School of Medicine and Health Sciences Poster Presentations

Title

Smartphone-based vs. Traditional Dietary Counseling for the Mediterranean Diet in a US Cardiology Patient Population

Poster Number

139

Document Type

Poster

Status

Medical Student

Abstract Category

Cardiology/Cardiovascular Research

Keywords

Mediterranean diet, Digital health, Randomized controlled trial, Cardiovascular disease and prevention

Publication Date

Spring 2018

Abstract

Background Diet remains the largest uncontrolled risk factor for cardiovascular disease in the United States, and patients with heart disease require more extensive nutritional counseling to reduce their risk of adverse cardiovascular events. Randomized controlled trials conducted in Mediterranean countries have shown that following a Mediterranean diet reduces the occurrence of adverse cardiovascular events, and mobile health technology research demonstrates that smartphone applications help with weight loss. Objectives We tested the hypothesis that the Mediterranean diet can be applied to an American population and result in cardiovascular benefits. Simultaneously, we evaluated whether smartphone-based nutritional counseling results in better adherence to a Mediterranean diet compared with traditional, standard-of-care counseling. Methods 100 patients presenting to the cardiology clinic at the GW Medical Faculty Associates and meeting inclusion criteria were enrolled in a 6-month randomized controlled trial. Patients were arbitrarily assigned to receive either standard-of-care (SOC) or smartphone-based nutritional counseling (EXP) on the Mediterranean diet and scheduled for an in-person check-up at 1, 3, and 6 months to assess Mediterranean Diet Score (MDS, a validated measure of dietary compliance), patient satisfaction, weight and various biomarkers of cardiovascular health (e.g., BP, lipids, CRP, HbA1c). Results Baseline characteristics, including age, gender, and current cardiovascular status, of patients in the control (SOC) and experimental (EXP) group were statistically similar. Compliance and satisfaction with the Mediterranean diet increased significantly overtime for both treatment groups (p<0.001) but did not vary significantly between the groups (p>0.2). In addition, there was no statistically significant improvement in cardiovascular health overtime or between groups per our results. Patients in EXP did, however, experience significantly greater weight loss compared with SOC (p=0.04). Conclusions Per this US-based study of cardiology patients, the Mediterranean diet can be incorporated into the American lifestyle and adherence to the Mediterranean diet is effectively accomplished by both traditional and smartphone-based nutritional counseling.

Creative Commons License

Creative Commons License
This work is licensed under a Creative Commons Attribution-Noncommercial-No Derivative Works 4.0 License.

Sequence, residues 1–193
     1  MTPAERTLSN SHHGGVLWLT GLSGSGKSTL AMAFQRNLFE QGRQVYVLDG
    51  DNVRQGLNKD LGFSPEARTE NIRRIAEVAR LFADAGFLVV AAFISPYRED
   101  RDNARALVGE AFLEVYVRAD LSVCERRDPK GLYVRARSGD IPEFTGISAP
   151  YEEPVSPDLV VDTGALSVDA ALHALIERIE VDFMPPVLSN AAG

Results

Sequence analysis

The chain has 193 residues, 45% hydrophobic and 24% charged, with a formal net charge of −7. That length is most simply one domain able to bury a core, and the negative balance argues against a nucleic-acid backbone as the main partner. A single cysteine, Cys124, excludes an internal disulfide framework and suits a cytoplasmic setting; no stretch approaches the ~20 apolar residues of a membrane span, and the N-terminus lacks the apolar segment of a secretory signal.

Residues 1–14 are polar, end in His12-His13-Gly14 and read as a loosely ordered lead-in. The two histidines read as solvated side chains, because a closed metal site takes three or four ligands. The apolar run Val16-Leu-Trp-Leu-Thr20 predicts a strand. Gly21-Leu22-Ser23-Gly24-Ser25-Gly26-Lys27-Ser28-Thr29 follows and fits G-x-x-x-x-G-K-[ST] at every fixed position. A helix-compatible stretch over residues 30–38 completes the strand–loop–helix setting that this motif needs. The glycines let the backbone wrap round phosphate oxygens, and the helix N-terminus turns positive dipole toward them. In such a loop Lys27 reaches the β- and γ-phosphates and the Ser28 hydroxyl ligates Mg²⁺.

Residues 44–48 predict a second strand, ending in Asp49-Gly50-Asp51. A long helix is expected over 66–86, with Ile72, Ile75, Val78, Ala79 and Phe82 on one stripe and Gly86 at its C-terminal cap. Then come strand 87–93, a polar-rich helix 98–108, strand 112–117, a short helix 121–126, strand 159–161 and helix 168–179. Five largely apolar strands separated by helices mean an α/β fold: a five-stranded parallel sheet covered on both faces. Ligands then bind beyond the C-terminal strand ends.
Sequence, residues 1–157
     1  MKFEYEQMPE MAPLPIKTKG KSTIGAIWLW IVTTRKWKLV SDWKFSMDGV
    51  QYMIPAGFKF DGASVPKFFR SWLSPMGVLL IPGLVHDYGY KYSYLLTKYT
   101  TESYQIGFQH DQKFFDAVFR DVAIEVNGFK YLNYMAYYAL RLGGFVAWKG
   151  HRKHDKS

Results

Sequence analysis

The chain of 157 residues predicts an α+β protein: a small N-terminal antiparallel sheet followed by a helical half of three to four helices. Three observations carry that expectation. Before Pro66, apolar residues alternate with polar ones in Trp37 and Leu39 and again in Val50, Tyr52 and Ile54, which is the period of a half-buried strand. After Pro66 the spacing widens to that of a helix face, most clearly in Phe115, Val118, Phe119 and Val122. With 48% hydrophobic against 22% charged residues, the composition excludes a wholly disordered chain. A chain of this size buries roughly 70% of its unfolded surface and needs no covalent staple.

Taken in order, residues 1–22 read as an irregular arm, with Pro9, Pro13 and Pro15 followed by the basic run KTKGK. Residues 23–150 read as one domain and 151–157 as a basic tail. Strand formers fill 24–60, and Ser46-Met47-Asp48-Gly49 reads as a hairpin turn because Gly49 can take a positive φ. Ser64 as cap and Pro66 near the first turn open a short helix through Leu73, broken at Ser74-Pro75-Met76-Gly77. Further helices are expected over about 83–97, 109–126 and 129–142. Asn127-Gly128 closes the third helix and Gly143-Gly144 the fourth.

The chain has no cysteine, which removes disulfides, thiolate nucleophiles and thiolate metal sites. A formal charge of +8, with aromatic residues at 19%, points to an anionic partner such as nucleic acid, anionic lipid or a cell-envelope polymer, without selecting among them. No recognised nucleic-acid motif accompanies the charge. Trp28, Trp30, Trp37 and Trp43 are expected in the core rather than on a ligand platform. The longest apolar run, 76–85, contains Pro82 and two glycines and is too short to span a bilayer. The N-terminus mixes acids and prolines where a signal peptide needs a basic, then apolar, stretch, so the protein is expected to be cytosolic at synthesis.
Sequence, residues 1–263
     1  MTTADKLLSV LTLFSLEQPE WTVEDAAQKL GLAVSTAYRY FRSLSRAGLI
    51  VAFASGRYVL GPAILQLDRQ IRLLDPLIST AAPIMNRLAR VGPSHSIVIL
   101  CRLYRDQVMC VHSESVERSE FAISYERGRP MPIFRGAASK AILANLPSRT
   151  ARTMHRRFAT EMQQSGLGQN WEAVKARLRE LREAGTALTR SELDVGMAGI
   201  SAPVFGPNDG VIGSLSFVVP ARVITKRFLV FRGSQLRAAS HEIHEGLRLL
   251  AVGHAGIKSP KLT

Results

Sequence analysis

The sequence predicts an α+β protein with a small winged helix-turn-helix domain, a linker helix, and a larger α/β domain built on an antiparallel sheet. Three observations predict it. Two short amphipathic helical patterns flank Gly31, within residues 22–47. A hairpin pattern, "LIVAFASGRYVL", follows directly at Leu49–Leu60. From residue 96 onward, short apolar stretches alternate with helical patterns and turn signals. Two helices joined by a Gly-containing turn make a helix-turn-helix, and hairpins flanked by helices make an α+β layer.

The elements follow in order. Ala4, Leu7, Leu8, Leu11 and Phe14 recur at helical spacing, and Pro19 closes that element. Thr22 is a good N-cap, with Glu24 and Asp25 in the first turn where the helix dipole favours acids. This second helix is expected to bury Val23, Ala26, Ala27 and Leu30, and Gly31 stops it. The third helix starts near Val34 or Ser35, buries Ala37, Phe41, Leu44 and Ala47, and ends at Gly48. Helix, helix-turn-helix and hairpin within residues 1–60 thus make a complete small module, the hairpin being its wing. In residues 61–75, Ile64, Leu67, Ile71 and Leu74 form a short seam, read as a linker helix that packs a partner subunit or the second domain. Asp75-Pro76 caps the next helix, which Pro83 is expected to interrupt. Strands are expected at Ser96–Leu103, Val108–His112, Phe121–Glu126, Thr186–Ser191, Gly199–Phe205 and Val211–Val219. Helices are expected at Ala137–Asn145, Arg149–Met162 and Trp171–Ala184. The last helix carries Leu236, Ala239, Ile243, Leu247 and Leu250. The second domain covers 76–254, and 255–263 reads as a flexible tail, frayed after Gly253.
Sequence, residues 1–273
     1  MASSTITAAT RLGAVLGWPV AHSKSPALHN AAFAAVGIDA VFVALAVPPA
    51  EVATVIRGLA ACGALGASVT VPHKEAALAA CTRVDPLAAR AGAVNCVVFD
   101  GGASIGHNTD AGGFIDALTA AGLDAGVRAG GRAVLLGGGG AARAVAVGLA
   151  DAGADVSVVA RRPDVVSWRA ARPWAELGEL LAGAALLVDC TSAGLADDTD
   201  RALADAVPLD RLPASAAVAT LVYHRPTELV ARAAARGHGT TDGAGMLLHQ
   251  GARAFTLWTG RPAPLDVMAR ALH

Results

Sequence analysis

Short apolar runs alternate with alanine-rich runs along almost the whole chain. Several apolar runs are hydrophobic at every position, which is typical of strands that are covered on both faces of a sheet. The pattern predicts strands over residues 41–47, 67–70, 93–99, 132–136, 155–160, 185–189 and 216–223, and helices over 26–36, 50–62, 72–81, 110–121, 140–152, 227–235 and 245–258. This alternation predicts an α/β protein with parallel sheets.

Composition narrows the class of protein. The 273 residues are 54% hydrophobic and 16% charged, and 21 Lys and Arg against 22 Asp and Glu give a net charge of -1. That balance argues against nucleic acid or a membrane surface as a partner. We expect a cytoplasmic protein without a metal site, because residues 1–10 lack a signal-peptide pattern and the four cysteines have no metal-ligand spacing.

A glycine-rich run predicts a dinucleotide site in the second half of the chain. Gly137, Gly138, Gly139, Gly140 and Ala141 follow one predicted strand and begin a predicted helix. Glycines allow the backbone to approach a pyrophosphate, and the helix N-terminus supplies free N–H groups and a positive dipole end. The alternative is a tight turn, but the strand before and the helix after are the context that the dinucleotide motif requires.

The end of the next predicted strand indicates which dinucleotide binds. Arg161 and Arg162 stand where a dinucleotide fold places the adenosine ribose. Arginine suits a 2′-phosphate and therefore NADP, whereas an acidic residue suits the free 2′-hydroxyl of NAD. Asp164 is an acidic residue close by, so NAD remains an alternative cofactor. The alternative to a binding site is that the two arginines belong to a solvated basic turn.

Open Access

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Smartphone-based vs. Traditional Dietary Counseling for the Mediterranean Diet in a US Cardiology Patient Population

Background Diet remains the largest uncontrolled risk factor for cardiovascular disease in the United States, and patients with heart disease require more extensive nutritional counseling to reduce their risk of adverse cardiovascular events. Randomized controlled trials conducted in Mediterranean countries have shown that following a Mediterranean diet reduces the occurrence of adverse cardiovascular events, and mobile health technology research demonstrates that smartphone applications help with weight loss. Objectives We tested the hypothesis that the Mediterranean diet can be applied to an American population and result in cardiovascular benefits. Simultaneously, we evaluated whether smartphone-based nutritional counseling results in better adherence to a Mediterranean diet compared with traditional, standard-of-care counseling. Methods 100 patients presenting to the cardiology clinic at the GW Medical Faculty Associates and meeting inclusion criteria were enrolled in a 6-month randomized controlled trial. Patients were arbitrarily assigned to receive either standard-of-care (SOC) or smartphone-based nutritional counseling (EXP) on the Mediterranean diet and scheduled for an in-person check-up at 1, 3, and 6 months to assess Mediterranean Diet Score (MDS, a validated measure of dietary compliance), patient satisfaction, weight and various biomarkers of cardiovascular health (e.g., BP, lipids, CRP, HbA1c). Results Baseline characteristics, including age, gender, and current cardiovascular status, of patients in the control (SOC) and experimental (EXP) group were statistically similar. Compliance and satisfaction with the Mediterranean diet increased significantly overtime for both treatment groups (p<0.001) but did not vary significantly between the groups (p>0.2). In addition, there was no statistically significant improvement in cardiovascular health overtime or between groups per our results. Patients in EXP did, however, experience significantly greater weight loss compared with SOC (p=0.04). Conclusions Per this US-based study of cardiology patients, the Mediterranean diet can be incorporated into the American lifestyle and adherence to the Mediterranean diet is effectively accomplished by both traditional and smartphone-based nutritional counseling.